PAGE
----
"Some people will say: 'Oh, my mother drank so I'm fine.' But we don't know how many IQ points you lost," says Brian Philcox, who organizes the day every year, with his wife Bonnie Buxton. "There's no safe kind [of alcohol], no safe time [to drink alcohol]. When you're planning a pregnancy, that's when you should stop drinking."
In Toronto, the couple's charity, FASworld, is holding a "pregnant pause" to coincide with FASDay on Tuesday.
Demonstrators will meet at the intersection of Yonge Street and Dundas Street wearing balloons under T-shirts promoting alcohol-free pregnancies. Also this year, FASDay partnered with the LCBO to provide FASD information at all 640 liquor store locations from August 25 until September 12.
"FASD is still the most common, the most expensive, and yet the most preventable of all mental disorders in the industrialized world," says Philcox.
Alcohol consumption during pregnancy is responsible for disabilities in one in every 100 Canadians according to Health Canada. Toronto Public Health and other experts in the field say that number could be much higher because so many people with FASD disabilities are never diagnosed.
"This is a largely invisible disease," says Philcox. "A very high population are just classified as slow learners or villains, but these are people with traumatic brain injuries."
Susan Blue is a maternal infant health manager with Toronto Public Health. She says many factors such as genes, a mother's weight and a baby's development all factor into whether a glass of wine or beer will end up causing brain damage in a baby.
"We can't just say...if you have a couple of drinks while you're pregnant, you're going to have this happen or not going to have this happen. It's very individual," she says.
"The bottom-line message that we're really promoting based on lots of literature and lots of research is no amount of alcohol during pregnancy is safe," says Blue.
Bonnie and Brian's story
Philcox and Buxton adopted their now 34-year-old daughter, Colette when she was three years old. They were given no indication their daughter might have a form of FASD. To them, she was simply a "beautiful, healthy toddler." Philcox does not recall the Children's Aid Society mentioning FASD was a risk, although he says he and his wife did know Colette's biological mother had a drinking problem.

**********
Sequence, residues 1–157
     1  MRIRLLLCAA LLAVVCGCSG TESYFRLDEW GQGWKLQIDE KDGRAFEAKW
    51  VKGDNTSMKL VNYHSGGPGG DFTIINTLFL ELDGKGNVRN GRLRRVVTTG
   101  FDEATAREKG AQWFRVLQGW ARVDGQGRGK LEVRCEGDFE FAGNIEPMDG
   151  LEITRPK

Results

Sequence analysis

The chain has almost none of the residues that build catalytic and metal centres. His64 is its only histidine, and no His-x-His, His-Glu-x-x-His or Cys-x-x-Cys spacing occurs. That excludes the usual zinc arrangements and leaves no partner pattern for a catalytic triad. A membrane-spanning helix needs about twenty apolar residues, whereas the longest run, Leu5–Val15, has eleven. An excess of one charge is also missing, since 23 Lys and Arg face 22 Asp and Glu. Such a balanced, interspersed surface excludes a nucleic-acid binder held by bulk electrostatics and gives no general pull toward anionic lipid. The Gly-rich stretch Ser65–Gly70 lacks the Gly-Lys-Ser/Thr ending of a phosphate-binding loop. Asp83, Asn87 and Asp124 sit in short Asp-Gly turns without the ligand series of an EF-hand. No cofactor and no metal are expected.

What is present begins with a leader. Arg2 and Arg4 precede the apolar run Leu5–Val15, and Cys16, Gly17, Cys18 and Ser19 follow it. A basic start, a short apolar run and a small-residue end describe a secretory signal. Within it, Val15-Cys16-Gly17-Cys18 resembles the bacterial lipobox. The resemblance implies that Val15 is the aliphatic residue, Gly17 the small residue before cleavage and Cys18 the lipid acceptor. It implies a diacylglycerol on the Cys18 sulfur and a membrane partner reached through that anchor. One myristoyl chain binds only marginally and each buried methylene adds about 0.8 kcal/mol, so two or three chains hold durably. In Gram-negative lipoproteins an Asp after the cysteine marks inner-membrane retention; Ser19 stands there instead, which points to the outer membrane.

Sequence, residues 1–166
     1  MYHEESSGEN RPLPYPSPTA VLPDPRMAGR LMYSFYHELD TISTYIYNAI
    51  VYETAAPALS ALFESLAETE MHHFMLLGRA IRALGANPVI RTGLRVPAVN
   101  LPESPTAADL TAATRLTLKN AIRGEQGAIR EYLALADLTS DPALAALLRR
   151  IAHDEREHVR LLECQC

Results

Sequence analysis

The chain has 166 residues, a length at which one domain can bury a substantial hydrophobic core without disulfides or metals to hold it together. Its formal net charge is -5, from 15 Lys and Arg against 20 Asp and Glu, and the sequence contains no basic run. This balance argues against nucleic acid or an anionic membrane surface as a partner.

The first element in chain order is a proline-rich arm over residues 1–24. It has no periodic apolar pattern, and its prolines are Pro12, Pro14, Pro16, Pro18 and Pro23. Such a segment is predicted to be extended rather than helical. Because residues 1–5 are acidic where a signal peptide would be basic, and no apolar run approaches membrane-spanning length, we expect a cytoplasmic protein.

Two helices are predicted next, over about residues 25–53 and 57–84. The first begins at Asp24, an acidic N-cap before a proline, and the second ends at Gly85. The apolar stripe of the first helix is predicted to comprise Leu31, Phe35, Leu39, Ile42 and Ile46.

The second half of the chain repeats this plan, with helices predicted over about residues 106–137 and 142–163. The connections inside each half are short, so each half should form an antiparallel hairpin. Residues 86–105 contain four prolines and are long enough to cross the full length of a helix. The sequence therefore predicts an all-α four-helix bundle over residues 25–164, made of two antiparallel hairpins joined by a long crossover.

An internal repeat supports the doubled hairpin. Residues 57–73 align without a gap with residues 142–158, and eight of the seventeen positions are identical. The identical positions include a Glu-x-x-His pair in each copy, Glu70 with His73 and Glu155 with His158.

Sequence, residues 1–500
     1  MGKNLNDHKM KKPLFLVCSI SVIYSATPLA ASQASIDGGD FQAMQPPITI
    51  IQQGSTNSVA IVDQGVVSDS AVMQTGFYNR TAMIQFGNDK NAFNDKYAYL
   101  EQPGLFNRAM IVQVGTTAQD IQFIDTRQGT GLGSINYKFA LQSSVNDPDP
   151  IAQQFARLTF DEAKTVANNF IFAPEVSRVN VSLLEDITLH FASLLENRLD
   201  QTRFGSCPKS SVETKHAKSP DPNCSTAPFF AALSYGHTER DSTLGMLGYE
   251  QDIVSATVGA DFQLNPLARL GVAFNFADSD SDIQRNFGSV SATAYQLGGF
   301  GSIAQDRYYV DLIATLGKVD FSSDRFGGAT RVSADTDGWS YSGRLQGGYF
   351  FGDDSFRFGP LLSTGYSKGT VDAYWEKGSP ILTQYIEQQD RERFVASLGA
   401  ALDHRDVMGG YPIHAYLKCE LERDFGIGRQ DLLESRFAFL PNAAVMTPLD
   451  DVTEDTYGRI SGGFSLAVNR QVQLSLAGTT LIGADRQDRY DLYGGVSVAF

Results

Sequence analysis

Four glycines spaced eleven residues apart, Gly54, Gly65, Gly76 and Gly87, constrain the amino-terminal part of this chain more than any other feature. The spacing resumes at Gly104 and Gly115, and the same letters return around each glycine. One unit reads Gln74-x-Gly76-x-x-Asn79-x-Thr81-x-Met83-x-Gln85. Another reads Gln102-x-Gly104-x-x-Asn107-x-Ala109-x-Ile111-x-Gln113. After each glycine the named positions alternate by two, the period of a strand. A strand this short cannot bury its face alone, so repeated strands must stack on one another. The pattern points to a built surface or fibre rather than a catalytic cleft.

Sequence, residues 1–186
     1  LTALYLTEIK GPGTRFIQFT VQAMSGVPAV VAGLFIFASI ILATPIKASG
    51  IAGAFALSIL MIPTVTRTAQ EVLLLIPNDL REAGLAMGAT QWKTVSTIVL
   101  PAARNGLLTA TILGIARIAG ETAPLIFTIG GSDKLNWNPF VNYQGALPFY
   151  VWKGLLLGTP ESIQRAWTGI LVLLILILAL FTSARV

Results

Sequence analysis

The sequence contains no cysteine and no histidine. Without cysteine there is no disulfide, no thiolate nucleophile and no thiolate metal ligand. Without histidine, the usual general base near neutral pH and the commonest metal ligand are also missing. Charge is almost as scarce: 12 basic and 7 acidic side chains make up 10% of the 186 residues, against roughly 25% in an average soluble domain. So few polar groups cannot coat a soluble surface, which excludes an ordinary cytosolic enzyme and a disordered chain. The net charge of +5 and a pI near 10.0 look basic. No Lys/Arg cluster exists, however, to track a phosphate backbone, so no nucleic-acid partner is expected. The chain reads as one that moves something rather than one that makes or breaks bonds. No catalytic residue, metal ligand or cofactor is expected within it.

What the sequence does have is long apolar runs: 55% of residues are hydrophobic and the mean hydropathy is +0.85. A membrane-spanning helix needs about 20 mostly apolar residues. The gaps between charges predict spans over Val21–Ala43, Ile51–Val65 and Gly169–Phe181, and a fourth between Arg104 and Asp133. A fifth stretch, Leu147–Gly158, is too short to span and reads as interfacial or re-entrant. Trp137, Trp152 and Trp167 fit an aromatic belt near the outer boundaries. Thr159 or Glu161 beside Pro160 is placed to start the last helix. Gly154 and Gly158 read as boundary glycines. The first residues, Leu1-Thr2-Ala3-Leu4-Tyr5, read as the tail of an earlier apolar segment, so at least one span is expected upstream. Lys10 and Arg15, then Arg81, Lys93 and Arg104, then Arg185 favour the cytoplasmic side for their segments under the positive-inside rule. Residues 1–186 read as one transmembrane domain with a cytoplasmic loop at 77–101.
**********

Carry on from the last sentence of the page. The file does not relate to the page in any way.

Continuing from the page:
"Colette began acting out around age 10," says Philcox. "By the time she was 15, she had run away from home several times and was living on the street." She also developed a crack addiction for a period during her teen years.
Buxton remembers crying "every day" during this time.
It was not until Buxton saw a television program in the mid-1990s about Fetal Alcohol Syndrome (FAS) — a severe form of FASD — that things began to click.
Buxton remembers the segment profiled a handful of men who struggled with FAS. "I immediately recognized (behavioural) traits in those young men that I saw in Colette," she says.
"Colette lacked the ability to write or think clearly in the conventional sense," says Philcox. His daughter also has difficulty recalling memories, trouble completing schoolwork, issues interacting with authority figures and acting impulsively with money.
Many of Colette's problematic behaviour traits were later tied to a medical diagnosis: Alcohol-Related Neurodevelopmental Disorder, a type of FASD.
"We didn't even know such a thing existed, we didn't know alcohol could cause this kind of problem," says Philcox. "She looks as normal as anyone, she's tall and healthy. The deficits are in the brain function."
Buxton says Colette's diagnosis in the late-1990s, allowed her family to make sense of Colette's troubles in school and at home. She says it was a relief for the entire family.
"We knew as parents and Colette knew for herself, that her issues were not our fault and were not her fault," Buxton says.
After the diagnosis, Philcox and Buxton went on to found FASworld to warn of the dangers alcohol poses during pregnancy, but also to support other parents with FASD-affected children.
FASD: a multi-billion dollar problem
According to Toronto Public Health, the cost of supporting Canadians with FASD is approximately $6.2 billion annually.
Blue says that cost includes "the diagnosis but also the social supports and treatment...so if a person ends up in the criminal justice system then there's a cost by having them in jail."
Buxton and Philcox both stress that the campaign is not about "blaming mothers." But about informing men and women, of every age, that consuming alcohol is not safe, in any amount. They want to create a culture shift.
"If we really came to terms with this problem of drinking in pregnancy, then we would cut the number of special ed students in half, cut the number we incarcerate in half. We would generally have a much safer society," Philcox says.